The number of cherries and Sackin's index complement each other well, as the number of cherries captures asymmetry in the recent evolutionary past, while Sackin's index captures asymmetry over the entire evolutionary history of the sample, and simulations demonstrate that these statistics are only weakly correlated under the coalescent model (see the electronic supplementary material, figure S3).

## 3. Tree shape in a simple model of HIV infection

To investigate how the shape of a viral phylogeny is linked to transmission, we first considered a simple model commonly used to study the spread of HIV among men who have sex with men (for a comparison of the deterministic and stochastic version of this model, see Jacquez & Simon [28]). If *S* denotes the number of susceptible individuals and *I* denotes the number of infected individuals, the rates of change of *S* and *I* are as follows:
3.1and
3.2where
3.3Here, *β* is the per-contact probability of infection, *c* the contact rate, *μ* represents the natural mortality rate, *γ* denotes the excess mortality caused by infection, and * Λ* is the rate of immigration/birth of new susceptibles. The dynamical behaviour of the model depends on the value of the basic reproductive number . If

*R*

_{0}> 1 in this model, the number of infected individuals initially increases exponentially, plateaus, and finally reaches an equilibrium (figure 2

*a*).

### (a) The number of lineages as a function of time

For the model (3.1)–(3.2), the phylogenetic structure can be captured by the number of lineages as a function of time (NLFT), denoted *A*(*s*), where *S* is time going backwards from the present to the past. A differential equation describing the dynamics of *A* can be derived by first recognizing that the NLFT decreases as a consequence of transmission, but only if both lineages involved in the transmission are sampled.

Let *𝒜*(*s*) denote the set of lineages that are ancestral to the sample at time *s*, so that . *𝒰*(*s*) will denote the set of lineages which are *not* ancestral to the sample and will have cardinality *U*(*s*). Lower-case symbols will denote elements of these sets: *a* ∈ *𝒜* and *u* ∈ *𝒰*. will denote the removal of a lineage. At each internal node of the tree, we denote the types of daughter lineages *i* and *j* and the state of the parent *k* using the notation . The possible types of transition as we go backwards in time are as follows:

The above transitions assume that the population sizes for *I*, *A* and *U* are large, such that , etc., and we consider sampling with replacement for the coalescence of lineages. The first type of transition, reflects the decrease in lineages when there is an infection involving two sampled lineages. Infections where neither the source nor the recipient individual are sampled do not affect the number of lineages in the sample, and so we do not need to consider transitions of the form for the NLFT. The transition occurs either when a sampled individual infects another individual but we do not sample the latter individual, or when an unsampled individual infects a sampled individual. These transitions reflect what we have described as an ‘invisible’ transmission [32,33]. While such transitions do not affect the number of lineages, for structured populations they may result in a change in state of the lineage, and so are important for more complex models, which we will demonstrate later. The removal of lineages, for example by death or recovery of infected individuals, while changing the number of unsampled lineages (), does not directly affect the number of sampled lineages, as the transitions is not possible; in addition, the transition is not possible. These transitions suggest the following set of differential equations for the dynamics of *A* and *U*:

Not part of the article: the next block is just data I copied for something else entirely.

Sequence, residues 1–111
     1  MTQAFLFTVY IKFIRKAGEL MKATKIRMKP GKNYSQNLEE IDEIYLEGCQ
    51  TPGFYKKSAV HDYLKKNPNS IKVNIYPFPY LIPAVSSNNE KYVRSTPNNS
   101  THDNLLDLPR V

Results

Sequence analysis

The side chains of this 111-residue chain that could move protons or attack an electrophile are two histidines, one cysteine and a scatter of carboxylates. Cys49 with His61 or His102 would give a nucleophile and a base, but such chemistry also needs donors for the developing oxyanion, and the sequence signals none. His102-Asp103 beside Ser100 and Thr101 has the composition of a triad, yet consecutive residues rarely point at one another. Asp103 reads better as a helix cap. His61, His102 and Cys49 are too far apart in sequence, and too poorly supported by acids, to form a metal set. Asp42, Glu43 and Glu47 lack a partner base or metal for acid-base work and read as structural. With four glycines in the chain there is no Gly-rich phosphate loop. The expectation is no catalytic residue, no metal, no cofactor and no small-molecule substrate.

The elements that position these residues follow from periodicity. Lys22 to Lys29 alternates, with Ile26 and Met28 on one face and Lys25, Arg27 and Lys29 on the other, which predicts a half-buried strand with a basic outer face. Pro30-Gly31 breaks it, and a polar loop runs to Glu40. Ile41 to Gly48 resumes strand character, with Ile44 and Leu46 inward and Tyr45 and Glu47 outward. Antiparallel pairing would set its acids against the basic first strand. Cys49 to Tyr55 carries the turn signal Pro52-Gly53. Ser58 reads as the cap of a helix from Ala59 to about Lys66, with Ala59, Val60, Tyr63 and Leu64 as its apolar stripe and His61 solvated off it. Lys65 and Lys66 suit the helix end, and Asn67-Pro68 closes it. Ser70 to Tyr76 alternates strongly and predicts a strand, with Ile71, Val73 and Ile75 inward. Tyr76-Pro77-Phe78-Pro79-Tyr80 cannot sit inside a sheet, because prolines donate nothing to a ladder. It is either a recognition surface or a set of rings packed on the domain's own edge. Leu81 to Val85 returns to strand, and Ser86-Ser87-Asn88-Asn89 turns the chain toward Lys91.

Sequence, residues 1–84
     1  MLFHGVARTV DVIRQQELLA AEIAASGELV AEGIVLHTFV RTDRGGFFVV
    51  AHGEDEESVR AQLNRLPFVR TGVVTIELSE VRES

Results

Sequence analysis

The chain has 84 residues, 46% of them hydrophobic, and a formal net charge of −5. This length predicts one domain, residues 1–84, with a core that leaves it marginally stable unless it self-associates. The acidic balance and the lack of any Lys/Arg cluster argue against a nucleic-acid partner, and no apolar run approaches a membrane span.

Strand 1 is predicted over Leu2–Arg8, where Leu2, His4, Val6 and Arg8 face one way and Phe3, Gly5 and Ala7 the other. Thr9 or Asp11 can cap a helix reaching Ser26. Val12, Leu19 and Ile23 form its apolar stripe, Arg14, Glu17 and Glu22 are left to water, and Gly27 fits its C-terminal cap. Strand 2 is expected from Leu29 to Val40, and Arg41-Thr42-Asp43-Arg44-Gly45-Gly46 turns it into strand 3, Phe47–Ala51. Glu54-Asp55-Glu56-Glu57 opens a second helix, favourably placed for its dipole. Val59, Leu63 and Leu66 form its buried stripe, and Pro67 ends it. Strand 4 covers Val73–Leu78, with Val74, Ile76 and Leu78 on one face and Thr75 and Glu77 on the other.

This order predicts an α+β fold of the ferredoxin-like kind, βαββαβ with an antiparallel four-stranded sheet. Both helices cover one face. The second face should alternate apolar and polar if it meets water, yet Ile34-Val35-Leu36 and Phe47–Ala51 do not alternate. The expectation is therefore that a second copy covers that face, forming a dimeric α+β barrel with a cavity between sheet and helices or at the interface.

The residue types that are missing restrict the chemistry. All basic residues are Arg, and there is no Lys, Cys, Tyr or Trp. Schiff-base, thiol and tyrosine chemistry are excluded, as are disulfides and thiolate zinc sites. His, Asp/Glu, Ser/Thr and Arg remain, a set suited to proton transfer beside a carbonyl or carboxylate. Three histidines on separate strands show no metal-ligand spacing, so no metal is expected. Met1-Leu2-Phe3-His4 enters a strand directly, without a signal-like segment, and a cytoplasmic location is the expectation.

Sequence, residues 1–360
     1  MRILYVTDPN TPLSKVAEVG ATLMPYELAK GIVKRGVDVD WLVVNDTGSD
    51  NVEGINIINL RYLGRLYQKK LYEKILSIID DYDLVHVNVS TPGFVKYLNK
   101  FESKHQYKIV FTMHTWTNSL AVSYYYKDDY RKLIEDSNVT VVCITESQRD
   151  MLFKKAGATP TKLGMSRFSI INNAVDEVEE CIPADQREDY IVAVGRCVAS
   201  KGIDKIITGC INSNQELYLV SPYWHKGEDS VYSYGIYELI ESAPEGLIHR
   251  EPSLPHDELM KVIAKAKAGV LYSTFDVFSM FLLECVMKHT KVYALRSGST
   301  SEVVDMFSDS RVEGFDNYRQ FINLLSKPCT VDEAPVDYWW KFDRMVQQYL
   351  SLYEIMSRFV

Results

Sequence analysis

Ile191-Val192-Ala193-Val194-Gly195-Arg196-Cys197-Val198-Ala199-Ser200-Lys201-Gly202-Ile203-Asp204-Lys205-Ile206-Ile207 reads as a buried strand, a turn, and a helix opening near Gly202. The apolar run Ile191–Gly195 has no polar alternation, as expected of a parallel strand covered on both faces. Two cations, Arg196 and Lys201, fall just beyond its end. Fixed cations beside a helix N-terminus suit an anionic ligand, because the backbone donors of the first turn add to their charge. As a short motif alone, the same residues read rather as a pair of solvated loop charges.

3.4and
3.5

Transitions in this model are more complex than those considered in a simple Wright–Fisher model. Firstly, an infection gives rise to another through transmission, such that there are overlapping ‘generations’. Secondly, sampling effects enter into the transition rates. Nevertheless, there is a one-to-one correspondence of the coalescence rate in this epidemiological model with that in standard population genetics models widely used in viral phylodynamic studies. In a haploid Wright–Fisher model, the dynamics of the effective population size *N*_{e} is in units of generations. The resulting estimates from models fitted to phylogenies where branch lengths are in real time are usually interpreted as *N*_{e}*τ*, or the ‘scaled effective population size’, where *N*_{e} is the ‘effective number of infections’ and *τ* the generation time. For the model given by equations (3.1)–(3.2), the coalescence rate is the same as a haploid Wright–Fisher model if we define the number of infected individuals *I*/2 as the ‘effective number of infections’ and the generation time (the incidence-to-prevalence ratio [34]), with the ‘scaled effective population size’ being *I**τ*/2. The use of the term ‘generation time’ here, in a population genetics context, should not be confused with epidemiological interpretations of the generation time [35,36], which is defined at the individual level, as the time between the infection time of an infected person, and the infection time of his or her infector, rather than the average time between infections at a given time at the population level.